Scores of Veterans Facing Chronic Lung Disease
Most insidious is a rare disease called constrictive bronchiolitis. It is the obstruction and fibrosis of the distal airways or bronchioles and generally a rare condition among the young population. What makes CB tricky is that it’s also undetectable through X-rays or pulmonary function exams. One Nashville-area Army vet, who retired a few years ago after two tours in Iraq, told the Army Times after coming home that he was so easily fatigued that “I could hardly mow my yard.”
It turned out this Veteran was indeed suffering from constrictive bronchiolitis, and he is hardly alone. From 2005 to 2009, 80 soldiers coming back from southwest Asia to Fort Campbell, KY, were dispatched to Nashville’s Vanderbilt University for respiratory evaluations. Most tested negative initially, and it was not until a lung biopsy was performed that it was revealed close to half the soldiers had CB.
Some two million service members have been deployed in Iraq or Afghanistan (both in some cases) since 2001. And given the disastrous environmental conditions the troops face all day and all night in either place, it is not surprising respiratory diseases are rampant. The asthma occurrence rate among these troops is about 15 percent, far more than deployed elsewhere.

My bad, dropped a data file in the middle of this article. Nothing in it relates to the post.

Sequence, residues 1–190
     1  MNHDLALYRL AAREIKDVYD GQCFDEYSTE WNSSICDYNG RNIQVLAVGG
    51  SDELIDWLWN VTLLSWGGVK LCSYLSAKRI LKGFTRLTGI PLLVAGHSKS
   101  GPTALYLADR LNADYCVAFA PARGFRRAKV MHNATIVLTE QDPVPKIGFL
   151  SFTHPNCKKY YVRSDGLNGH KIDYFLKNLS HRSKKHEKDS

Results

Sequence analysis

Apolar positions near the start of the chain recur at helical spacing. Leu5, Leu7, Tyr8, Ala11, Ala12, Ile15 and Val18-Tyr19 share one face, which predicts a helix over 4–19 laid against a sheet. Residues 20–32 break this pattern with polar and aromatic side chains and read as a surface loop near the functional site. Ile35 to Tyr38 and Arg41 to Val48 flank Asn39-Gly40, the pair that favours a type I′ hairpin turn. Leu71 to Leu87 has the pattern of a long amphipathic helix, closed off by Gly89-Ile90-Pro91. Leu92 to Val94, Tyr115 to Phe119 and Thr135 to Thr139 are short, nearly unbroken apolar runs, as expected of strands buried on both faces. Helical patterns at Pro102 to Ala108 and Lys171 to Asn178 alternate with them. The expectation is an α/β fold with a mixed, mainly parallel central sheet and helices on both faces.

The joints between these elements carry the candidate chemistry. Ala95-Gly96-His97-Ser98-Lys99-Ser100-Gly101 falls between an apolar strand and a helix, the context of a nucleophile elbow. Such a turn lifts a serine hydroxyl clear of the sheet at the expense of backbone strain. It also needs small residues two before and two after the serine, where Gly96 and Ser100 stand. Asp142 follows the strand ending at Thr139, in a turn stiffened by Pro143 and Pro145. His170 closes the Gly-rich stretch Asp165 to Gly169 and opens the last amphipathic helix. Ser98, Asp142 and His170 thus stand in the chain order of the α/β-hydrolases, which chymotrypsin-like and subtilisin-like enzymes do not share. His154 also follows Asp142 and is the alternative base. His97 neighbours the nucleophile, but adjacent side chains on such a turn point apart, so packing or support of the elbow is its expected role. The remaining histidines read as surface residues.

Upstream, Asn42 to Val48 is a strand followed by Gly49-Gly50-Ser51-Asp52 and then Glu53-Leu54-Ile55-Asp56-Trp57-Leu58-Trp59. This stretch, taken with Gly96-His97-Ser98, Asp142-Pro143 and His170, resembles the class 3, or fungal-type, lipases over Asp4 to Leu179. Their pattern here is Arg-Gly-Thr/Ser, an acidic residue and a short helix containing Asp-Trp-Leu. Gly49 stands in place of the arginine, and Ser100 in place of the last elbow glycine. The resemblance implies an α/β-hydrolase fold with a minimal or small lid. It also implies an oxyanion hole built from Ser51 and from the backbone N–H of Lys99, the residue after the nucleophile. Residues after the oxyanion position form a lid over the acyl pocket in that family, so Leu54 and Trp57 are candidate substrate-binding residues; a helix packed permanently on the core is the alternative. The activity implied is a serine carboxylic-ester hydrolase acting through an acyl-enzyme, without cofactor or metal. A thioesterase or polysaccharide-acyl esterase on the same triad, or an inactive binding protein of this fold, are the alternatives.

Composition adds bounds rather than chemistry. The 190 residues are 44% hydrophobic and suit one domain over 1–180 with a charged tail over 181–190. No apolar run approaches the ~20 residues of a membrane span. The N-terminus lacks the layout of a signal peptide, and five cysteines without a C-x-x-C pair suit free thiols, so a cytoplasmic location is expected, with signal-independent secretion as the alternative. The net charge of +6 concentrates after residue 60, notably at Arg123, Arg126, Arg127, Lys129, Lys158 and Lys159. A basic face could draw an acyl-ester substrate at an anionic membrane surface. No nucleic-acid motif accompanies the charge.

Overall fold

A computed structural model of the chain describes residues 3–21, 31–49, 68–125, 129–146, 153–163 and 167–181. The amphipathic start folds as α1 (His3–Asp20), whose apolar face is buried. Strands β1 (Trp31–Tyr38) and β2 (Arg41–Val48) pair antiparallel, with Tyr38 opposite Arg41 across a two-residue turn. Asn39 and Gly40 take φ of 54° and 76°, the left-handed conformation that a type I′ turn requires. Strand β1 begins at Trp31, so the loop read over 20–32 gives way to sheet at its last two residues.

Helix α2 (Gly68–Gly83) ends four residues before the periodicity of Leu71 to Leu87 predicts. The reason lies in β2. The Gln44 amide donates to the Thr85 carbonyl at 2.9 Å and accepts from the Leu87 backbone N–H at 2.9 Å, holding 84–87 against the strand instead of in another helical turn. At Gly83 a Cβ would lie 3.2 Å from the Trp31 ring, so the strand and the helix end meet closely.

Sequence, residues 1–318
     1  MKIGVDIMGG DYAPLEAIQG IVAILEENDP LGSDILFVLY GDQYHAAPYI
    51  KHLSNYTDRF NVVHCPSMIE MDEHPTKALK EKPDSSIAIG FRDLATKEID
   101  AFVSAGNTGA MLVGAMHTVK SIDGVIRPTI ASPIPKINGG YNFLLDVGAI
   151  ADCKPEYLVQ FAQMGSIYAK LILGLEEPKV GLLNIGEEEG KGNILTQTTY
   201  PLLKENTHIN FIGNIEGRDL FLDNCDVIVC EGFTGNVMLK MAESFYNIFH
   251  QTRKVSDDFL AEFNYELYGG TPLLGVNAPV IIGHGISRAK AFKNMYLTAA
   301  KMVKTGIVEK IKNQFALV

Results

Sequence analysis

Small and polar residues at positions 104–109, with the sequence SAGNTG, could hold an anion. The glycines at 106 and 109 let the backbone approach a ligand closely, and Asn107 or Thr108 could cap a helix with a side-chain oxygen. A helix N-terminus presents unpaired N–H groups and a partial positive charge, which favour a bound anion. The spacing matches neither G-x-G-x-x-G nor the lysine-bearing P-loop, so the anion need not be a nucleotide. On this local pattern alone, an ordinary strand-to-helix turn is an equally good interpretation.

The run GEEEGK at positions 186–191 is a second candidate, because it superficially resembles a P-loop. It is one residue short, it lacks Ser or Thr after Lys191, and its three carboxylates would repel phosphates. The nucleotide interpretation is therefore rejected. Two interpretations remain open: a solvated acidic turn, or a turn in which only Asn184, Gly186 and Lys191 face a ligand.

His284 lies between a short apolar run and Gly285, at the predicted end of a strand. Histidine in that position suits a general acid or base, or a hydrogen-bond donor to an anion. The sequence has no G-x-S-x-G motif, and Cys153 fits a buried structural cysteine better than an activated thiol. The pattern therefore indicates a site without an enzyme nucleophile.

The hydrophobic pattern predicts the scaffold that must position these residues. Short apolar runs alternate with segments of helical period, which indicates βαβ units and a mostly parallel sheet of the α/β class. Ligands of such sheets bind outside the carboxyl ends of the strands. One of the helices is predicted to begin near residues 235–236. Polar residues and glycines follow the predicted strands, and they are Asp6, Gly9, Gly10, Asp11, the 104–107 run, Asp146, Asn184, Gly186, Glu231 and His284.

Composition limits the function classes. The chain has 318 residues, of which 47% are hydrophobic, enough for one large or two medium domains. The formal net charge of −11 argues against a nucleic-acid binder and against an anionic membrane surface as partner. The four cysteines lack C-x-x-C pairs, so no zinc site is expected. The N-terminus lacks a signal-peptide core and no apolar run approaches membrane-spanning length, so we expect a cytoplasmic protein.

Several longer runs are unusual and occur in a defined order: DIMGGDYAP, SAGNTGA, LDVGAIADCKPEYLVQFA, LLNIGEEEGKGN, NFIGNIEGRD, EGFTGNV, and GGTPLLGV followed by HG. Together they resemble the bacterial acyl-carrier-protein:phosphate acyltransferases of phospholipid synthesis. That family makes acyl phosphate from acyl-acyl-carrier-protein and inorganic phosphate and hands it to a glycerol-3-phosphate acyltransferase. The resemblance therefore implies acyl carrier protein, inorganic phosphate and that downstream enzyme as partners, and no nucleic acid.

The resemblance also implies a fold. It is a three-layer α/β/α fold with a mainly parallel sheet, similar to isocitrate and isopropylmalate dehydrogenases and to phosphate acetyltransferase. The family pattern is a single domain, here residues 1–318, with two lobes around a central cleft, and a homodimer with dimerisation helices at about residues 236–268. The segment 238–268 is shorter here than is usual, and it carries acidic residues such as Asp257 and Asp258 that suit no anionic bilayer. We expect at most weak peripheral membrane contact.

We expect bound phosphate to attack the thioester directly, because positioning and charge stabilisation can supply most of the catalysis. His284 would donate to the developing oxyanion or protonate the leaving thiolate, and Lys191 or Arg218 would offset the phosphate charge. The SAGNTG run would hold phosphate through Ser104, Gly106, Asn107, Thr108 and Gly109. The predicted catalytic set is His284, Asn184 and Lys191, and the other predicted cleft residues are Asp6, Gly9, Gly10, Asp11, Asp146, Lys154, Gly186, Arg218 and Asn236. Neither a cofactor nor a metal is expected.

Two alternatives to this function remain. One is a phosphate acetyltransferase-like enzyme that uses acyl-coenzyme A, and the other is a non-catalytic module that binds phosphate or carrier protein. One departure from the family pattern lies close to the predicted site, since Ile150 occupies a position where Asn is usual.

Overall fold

There are several factors. One of them is open-air burn pits, where soldier waste and other material are incinerated, sending toxins into the air. Desert dust, a calling card of the harsh environment, also exposes troops to all kinds of airborne fires. Industrial fires, which release sulfur dioxide and hydrogen sulfide via burning oil, are known to cause CB.
Cigarette smoking and second-hand smoke are also in the picture. The Department of Defense estimates around one-third of US military members smoke, much lower than the civilian population. Put all of these factors together, and it is a small wonder why the Veterans are facing a respiratory nightmare.